The Scientific Reason Aged Wines Often Taste Better
Aged wines are a balance between four major characteristics: tannin, acid, sugar and alcohol. The presence of any of these variables will help keep the wine longer. According wine madness, acidity helps keep wine lively, tannin gives structure to its flavor and color, sugar works as an excellent preservative (just look at all of our favorite jellies and jams), and higher alcohol ( found in fortified wines) can be used to preserve as well. Any of these in large amounts will aid in the aging of wine, and when combined will cause a chemical reaction that can affect the taste, color, mouthfeel, and smell of wine (via CellaRaiders).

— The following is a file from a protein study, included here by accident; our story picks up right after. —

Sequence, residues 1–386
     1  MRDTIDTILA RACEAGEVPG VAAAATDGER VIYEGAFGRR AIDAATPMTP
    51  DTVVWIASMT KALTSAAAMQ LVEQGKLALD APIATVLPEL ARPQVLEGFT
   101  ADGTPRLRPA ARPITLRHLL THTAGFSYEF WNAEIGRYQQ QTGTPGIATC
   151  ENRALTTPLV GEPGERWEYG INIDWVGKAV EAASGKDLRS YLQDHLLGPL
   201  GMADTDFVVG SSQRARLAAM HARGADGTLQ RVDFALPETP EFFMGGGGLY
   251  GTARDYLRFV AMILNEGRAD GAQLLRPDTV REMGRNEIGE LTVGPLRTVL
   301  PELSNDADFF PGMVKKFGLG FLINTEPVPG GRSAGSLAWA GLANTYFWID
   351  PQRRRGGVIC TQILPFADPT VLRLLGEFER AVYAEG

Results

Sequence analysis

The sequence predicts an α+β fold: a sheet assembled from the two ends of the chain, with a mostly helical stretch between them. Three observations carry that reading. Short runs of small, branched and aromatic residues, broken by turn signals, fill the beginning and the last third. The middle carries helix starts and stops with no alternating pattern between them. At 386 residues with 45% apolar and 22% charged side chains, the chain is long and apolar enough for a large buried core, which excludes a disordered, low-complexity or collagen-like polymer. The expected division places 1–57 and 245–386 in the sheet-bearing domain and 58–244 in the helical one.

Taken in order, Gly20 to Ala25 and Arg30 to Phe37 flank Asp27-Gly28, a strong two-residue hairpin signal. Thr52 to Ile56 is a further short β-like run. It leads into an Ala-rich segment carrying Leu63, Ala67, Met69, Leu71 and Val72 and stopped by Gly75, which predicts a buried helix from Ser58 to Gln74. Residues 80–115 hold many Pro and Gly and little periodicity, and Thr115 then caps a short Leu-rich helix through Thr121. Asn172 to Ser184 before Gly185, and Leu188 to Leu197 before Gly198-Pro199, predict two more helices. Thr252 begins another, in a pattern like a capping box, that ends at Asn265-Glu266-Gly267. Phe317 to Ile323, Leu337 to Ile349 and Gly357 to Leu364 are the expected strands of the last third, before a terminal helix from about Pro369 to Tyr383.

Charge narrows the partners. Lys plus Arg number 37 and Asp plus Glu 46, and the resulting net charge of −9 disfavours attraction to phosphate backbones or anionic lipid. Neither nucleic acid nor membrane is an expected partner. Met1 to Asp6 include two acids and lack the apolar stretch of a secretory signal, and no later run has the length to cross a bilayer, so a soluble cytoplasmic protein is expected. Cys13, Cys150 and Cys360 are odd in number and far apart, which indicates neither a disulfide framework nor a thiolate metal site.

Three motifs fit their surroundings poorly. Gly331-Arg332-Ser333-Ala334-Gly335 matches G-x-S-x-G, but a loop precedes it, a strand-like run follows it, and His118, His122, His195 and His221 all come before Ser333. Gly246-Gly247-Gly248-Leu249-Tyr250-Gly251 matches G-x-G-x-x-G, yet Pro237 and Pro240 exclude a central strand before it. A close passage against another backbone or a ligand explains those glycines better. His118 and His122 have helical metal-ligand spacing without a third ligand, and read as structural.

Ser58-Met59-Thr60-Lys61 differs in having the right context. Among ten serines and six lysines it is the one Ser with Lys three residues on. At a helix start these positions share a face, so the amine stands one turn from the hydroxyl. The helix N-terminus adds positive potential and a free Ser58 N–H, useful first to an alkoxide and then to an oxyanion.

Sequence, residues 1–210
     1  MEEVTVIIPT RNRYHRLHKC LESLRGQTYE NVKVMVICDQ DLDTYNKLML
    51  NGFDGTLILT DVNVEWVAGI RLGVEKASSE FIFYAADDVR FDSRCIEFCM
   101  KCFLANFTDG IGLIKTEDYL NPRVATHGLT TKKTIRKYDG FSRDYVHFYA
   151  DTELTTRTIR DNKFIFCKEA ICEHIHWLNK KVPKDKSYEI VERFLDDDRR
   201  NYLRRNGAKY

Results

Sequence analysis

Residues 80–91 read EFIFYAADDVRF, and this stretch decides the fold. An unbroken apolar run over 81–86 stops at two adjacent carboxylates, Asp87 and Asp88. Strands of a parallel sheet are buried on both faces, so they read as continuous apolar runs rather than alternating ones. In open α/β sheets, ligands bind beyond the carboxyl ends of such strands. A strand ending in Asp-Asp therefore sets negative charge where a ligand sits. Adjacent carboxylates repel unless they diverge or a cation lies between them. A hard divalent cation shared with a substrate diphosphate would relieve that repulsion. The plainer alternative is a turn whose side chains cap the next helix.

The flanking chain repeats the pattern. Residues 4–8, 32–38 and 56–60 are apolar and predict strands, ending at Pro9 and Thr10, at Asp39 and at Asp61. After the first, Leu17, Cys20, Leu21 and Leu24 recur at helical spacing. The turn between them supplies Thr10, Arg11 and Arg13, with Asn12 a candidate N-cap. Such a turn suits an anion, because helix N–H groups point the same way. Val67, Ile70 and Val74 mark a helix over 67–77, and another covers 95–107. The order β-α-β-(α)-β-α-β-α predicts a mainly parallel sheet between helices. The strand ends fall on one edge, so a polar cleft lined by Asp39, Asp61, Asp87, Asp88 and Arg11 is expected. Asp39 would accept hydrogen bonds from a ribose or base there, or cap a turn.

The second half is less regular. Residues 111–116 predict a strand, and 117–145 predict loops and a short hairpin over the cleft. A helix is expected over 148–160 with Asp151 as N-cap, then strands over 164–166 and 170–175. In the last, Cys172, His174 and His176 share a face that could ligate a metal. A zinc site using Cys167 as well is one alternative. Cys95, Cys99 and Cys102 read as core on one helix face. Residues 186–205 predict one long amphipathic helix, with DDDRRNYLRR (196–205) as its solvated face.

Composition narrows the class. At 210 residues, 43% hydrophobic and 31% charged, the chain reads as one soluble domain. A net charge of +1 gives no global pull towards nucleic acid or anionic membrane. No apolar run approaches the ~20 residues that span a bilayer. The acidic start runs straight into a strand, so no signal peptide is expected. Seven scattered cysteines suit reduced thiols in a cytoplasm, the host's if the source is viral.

The wine continues to evolve once out of the barrel and in the bottle. Tannins accumulated from contact with grape skins, seeds and stems combine with other chemical molecules, generating more complex aroma and flavor in wine, reports Wired. When a wine is young, the tannins release a bitter and astringent taste and leave the mouth dry. As a wine ages, however, the tannins soften as they polymerize – or chain together – and taste less aggressive while retaining a solid structure for the wine’s flavor and color. (via by Tyrrell).
The wine will become less rich in tannins as it ages. The acidity will remain, but will become more refined and allow softer and more elegant elements to shine through. Giving your wine time to age will ensure that you don’t end up with a mouthful of immature, green, harsh flavors that don’t accurately reflect the true quality of the wine.